Because he’s a Democrat who won in a state that Trump won and Republicans rule, Roy Cooper is getting national attention. Last month it was The New York Times. This week it’s Politico (“Can Roy Cooper Show Democrats How to Win Again?”), which proclaims:
“North Carolina’s governor is unveiling an audacious plan to oust his Republican rivals. Democrats hope to make it a national model.”
Edward-Isaac Dovere wrote:
“Already, Cooper has quietly banked $1 million for his new group, Break the Majority, and plans to raise several million more, along with recruiting candidates and then campaigning for them in state Senate and General Assembly races. The money, being put into a new state Democratic Party account, will also cover salaries for what will effectively be a new campaign committee, with a dedicated communications director, research director, several junior staffers and cash for everything from field organizers to ads.
“Given the cutthroat nature of politics in North Carolina, Cooper’s power play is especially audacious: Though there have been previous independent expenditures and coordinated campaigns in the state and beyond, an effort with this kind of focus and funding is unprecedented.”
Less noticed, no doubt, is this analysis of the Cooper-Pat McCrory race (“Caught Between Coalitions: An Eisenhower Republican in the Tar Heel State”) by Miles Coleman at Decision Desk HQ, who writes:
“During the previous three Gubernatorial campaigns, one constant has been former Gov. Pat McCrory. McCrory’s stylistic transformation was just as interesting as the shifting internal politics of his state. Running initially as an ‘Eisenhower Republican’ with an independent streak, by the end of his tenure, he was seen as a partisan who became an unlikely champion of social conservatives.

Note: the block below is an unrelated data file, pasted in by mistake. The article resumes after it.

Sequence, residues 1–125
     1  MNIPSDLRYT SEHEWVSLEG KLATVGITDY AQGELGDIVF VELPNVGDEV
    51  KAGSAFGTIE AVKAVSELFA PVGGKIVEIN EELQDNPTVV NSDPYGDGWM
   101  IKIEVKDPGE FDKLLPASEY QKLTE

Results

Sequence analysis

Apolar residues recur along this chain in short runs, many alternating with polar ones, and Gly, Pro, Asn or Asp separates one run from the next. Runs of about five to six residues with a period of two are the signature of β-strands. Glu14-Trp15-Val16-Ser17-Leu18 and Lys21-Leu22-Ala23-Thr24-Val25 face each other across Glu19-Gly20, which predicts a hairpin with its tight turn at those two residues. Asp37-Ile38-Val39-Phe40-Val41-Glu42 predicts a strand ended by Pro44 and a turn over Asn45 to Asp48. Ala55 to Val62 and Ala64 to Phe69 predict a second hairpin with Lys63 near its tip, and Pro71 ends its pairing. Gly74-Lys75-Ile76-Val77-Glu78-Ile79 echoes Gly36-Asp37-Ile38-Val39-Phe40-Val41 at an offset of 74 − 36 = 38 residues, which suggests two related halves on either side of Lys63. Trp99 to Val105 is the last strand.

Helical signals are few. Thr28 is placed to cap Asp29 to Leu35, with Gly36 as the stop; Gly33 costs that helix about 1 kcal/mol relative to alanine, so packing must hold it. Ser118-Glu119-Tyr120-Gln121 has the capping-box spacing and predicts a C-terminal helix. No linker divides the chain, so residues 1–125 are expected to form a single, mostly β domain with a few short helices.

“Out of office after a single term, McCrory was essentially caught between two coalitions. In his 2008 campaign, he came out on the losing side to a Democrat who was, from an electoral perspective, the last of her kind; she was able to rally eastern North Carolinians back to the party of Jackson in a way that hasn’t since been replicated. Running as an incumbent in 2016, McCrory was undone by a challenger who won, in large part, due to his strength with the state’s more ascendant suburban bloc.”
A tip of the TAP hat to pollster Harrison Hickman for passing this story along. He noted, “Nothing new but a lot of good maps,” including one that led Coleman to say this about North Carolina Democrats:
“At a more general level, the party needs to find ways to connect with rural voters. This last map is a good example of that. This is Cooper’s 2016 map compared to Obama’s in 2008; both were narrow Democratic wins – given the nationalization of local races, this may be the most relevant comparison.
“Though both won by similarly narrow margins, Cooper performed better than Obama in just 19 counties; most of which are urban and have a high concentration of voters with college degrees. If Democrats don’t tailor their message to go beyond these types of constituencies, they leave themselves little room for error in statewide races, and they will be hard pressed to make substantial gains in the legislature.”